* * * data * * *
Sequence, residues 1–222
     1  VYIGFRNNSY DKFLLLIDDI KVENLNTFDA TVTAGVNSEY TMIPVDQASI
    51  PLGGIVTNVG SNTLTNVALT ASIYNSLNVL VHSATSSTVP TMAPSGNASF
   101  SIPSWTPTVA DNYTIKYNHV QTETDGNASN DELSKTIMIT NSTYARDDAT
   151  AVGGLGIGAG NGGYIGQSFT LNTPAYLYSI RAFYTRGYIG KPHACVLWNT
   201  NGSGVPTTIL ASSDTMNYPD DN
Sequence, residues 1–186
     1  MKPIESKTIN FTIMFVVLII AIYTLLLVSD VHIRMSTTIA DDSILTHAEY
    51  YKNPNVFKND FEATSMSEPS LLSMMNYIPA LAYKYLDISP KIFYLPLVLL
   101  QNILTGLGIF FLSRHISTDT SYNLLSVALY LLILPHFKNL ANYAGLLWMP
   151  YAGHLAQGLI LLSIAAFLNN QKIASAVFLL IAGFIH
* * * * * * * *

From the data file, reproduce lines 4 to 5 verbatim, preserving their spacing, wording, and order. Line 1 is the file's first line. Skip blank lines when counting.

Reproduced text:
   101  SIPSWTPTVA DNYTIKYNHV QTETDGNASN DELSKTIMIT NSTYARDDAT
   151  AVGGLGIGAG NGGYIGQSFT LNTPAYLYSI RAFYTRGYIG KPHACVLWNT